Award-winning runner

We were able to shower at the expo location (the Western Nebraska Community College fitness center).  I couldn't find the women's locker room, so I just went ahead and showered in the men's locker room.  No big deal.  That's how I roll.  We then grabbed a quick lunch and headed out to see Chimney Rock. 

Make it stop!
Looks like a chimney, right?
Everyone make a silly face.

I have had the privilege to run some amazing races in amazing places this year (Bataan, Big Sur, New River, and Jackson Hole just to name a few) and I have to say that this race ranks as one of my favorites.  The course was never boring - we always had a view of Scottsbluff National Monument.  Although this is a mostly road marathon, the few miles of "trails" were a welcome change of terrain.  The course was also not very difficult, but it wasn't pancake flat.  I liked that.  The aid stations were well stocked and the volunteers were very friendly.  Overall, I HIGHLY HIGHLY HIGHLY recommend this race!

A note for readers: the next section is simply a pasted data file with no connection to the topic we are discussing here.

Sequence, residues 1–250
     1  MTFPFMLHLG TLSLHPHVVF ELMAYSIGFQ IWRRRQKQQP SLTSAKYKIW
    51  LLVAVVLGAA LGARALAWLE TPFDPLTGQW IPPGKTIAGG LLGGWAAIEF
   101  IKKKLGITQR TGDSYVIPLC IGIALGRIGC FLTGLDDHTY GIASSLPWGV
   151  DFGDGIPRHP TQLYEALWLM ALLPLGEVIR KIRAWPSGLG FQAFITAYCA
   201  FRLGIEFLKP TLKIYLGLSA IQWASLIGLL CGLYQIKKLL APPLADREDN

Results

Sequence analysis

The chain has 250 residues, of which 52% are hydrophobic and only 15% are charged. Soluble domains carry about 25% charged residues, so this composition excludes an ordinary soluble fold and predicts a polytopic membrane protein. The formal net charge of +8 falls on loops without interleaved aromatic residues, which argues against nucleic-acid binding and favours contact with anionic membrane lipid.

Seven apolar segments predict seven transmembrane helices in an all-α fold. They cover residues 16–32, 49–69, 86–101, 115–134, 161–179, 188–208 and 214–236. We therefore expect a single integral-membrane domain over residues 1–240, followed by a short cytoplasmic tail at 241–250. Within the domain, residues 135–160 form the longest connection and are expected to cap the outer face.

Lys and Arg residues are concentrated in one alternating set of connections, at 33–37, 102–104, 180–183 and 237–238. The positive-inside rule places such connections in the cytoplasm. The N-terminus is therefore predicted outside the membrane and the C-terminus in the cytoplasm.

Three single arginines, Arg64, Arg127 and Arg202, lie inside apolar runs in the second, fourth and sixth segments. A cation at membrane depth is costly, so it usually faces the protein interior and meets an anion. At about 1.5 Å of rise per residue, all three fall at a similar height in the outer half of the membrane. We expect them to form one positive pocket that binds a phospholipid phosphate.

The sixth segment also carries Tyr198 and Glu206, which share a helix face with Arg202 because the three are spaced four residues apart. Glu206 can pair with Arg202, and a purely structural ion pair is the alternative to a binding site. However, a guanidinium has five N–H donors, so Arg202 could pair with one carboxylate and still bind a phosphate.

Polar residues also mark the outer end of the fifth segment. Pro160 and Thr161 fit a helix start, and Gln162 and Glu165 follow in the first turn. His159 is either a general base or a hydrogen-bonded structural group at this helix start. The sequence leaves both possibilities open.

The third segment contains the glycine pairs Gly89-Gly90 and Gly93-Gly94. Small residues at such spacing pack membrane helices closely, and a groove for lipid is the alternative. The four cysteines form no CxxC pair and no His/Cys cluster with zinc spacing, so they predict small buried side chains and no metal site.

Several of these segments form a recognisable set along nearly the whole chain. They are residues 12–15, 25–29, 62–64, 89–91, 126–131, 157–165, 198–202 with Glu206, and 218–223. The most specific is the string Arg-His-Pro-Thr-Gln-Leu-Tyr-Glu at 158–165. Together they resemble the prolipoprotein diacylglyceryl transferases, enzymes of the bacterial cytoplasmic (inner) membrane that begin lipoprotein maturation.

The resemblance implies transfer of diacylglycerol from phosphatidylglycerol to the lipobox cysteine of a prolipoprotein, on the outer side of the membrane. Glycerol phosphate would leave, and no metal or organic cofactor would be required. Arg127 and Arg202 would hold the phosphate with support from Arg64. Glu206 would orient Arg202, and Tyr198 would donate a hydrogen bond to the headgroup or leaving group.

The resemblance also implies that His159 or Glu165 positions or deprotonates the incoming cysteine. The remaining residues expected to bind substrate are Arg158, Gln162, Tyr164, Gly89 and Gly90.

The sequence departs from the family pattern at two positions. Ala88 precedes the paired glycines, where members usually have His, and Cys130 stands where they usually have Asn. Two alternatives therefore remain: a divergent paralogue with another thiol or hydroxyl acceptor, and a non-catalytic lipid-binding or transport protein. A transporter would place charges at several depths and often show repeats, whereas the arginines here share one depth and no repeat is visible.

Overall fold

As for the travel deets, here goes:
  • The race registration was $70 (I think I had a $5 discount code).
  • I flew into Denver from NOLA.  I had Southwest points that I used for half of my round trip.  I paid a total of $134 for my flight.
  • Since my flight out of NOLA was super early, I chose to stay the night there.  That cost me $63.
  • We rented a car that totaled $47 for the weekend and spent about $75 in gas.  I paid for 1/3 of all of that, so about $41.
  • I stayed at the Super 8 Scottsbluff.  Unfortunately I did not have a room share, so I had to foot the entire bill of $81.  Any area hotel would be fine since you park at the finish and get bussed to the start.  If you are a half marathoner, the finish is also the start area. 
  • I probably spent another $60 on food over the entire weekend.  
  • Parking at the NOLA airport was $30.
  • Memories: Priceless!
  • So a total bill of about $479 for an epic adventure!
For the rest of the year, I get to hit up three more new states - Maine, Indiana, and Florida!